Alzheimer’s Disease is Hard on Everyone in a Family, Not Just the Patient!

My father passed away from Alzheimer’s Disease in January 2013 after suffering the effects as early as the late 1990s. The effects were subtle and no one in my family really noticed but me, because I worked with him every day. Those of you who have relatives or friends that suffer from this insidious disease know that some people get very good at covering up their dementia, at least in the beginning.

James J. Culotta circa 1963

He was a tremendously vibrant man who was self-taught and self-made, not knowing how to slow down except on the weekends when he would suddenly become Jimmy the fisherman. I have some amazing, funny and slightly embarrassing stories about his fishing escapades. But one thing he didn’t do was tell tall tales about the one that got away!

My mother only a few months before her stroke in 2001.

Anyway, after suffering for two years from the effects of a devastating stroke that left her paralyzed on one side of her body and requiring care 24/7, my mother passed away in June 2003 and my dad went downhill really fast. Thank the Lord that my father had been able to build an amazing family business with income that allowed us to have nursing assistants to care for her in her own home where she felt as comfortable as she could be under the circumstances.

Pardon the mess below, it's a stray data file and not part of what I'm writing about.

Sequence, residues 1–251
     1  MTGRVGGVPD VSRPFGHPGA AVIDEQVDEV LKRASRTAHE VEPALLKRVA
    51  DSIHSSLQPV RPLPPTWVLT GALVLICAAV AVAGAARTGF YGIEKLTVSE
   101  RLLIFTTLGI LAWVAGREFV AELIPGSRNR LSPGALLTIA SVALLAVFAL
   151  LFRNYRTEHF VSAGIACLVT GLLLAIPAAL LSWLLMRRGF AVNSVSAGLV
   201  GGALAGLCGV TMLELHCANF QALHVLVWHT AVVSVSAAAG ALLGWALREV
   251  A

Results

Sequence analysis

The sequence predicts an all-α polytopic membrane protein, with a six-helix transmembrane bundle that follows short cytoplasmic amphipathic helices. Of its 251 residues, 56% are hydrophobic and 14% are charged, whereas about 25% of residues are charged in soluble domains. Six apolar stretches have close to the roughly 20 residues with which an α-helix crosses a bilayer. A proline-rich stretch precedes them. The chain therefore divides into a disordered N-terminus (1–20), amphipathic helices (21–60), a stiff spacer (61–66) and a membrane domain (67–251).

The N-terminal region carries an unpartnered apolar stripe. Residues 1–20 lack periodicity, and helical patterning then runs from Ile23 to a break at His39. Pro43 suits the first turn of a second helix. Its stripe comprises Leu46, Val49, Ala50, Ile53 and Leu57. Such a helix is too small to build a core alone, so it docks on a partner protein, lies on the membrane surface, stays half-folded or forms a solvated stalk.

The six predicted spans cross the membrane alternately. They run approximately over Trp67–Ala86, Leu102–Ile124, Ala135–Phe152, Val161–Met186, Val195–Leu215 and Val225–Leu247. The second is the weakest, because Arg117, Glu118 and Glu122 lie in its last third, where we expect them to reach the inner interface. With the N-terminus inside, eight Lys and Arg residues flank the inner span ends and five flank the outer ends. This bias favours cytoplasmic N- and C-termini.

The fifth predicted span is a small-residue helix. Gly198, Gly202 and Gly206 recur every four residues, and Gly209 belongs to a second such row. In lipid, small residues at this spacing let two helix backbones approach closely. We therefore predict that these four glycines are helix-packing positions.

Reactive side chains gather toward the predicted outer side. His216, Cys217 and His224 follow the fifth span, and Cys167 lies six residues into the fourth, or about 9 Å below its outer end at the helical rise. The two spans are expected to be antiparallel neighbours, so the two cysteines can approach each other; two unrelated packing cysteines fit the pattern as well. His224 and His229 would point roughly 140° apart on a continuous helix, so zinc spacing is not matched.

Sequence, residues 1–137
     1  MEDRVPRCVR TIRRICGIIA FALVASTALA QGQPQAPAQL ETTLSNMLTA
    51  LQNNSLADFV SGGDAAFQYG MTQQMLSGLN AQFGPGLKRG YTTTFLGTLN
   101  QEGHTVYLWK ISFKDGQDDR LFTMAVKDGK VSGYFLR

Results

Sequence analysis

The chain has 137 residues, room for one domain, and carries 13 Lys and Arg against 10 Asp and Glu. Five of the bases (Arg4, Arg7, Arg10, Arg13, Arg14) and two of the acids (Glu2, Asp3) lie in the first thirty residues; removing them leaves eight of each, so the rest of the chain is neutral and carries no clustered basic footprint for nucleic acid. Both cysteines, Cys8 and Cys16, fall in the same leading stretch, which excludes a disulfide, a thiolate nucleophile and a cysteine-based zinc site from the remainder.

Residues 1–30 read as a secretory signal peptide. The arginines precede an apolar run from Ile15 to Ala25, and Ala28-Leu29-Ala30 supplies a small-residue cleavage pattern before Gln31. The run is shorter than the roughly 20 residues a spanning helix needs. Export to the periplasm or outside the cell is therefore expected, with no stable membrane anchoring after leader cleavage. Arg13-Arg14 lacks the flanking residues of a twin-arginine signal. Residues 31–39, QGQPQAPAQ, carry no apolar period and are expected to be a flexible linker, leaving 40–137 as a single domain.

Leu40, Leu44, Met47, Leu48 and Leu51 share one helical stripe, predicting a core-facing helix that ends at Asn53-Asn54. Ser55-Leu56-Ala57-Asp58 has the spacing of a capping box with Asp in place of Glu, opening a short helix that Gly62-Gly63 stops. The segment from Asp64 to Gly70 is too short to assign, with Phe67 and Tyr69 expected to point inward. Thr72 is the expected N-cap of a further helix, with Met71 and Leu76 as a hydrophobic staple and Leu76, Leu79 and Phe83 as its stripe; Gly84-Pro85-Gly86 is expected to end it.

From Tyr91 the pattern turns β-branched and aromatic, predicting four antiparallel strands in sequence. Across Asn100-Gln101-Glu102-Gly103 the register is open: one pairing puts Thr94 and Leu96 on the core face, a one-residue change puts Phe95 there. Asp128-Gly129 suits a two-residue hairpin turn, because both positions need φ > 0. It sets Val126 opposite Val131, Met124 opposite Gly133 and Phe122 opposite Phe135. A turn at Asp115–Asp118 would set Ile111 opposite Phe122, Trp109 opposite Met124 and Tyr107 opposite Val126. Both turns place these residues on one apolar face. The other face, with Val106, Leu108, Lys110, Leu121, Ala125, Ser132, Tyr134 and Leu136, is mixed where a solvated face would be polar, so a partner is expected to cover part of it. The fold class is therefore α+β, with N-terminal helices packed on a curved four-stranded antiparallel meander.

I think the hardest thing I ever had to do was to tell my dad that my mother had passed away. She had been in the hospital at the time and it was the first morning that he had not gone to visit her. I will write about that story another time because it is compelling.

He and my mother had been married for over 61 years and she had been his primary caregiver. As if that wasn’t bad enough, Hurricane Katrina hit and destroyed their home two years later in August 2005.

Before and after photo of my parents’ home on Treasure Isle on Lake Pontchartrain, Slidell, LA after Hurricane Katrina destroyed it in August 2005. This house was my Dad’s dream home. He was a builder and it was nearly 6,000 s.f. living area and 10,000 s.f. under roof.

At that point, my sister and I had no choice but to put my dad in assisted living because he was simply unable to care for himself, but the nearest facility that had an available room that was decent was over 200 miles away in Alexandria, LA, so we moved him there with nothing but the clothes he had been able to take with him before evacuating.  Continue reading “Alzheimer’s Disease is Hard on Everyone in a Family, Not Just the Patient!”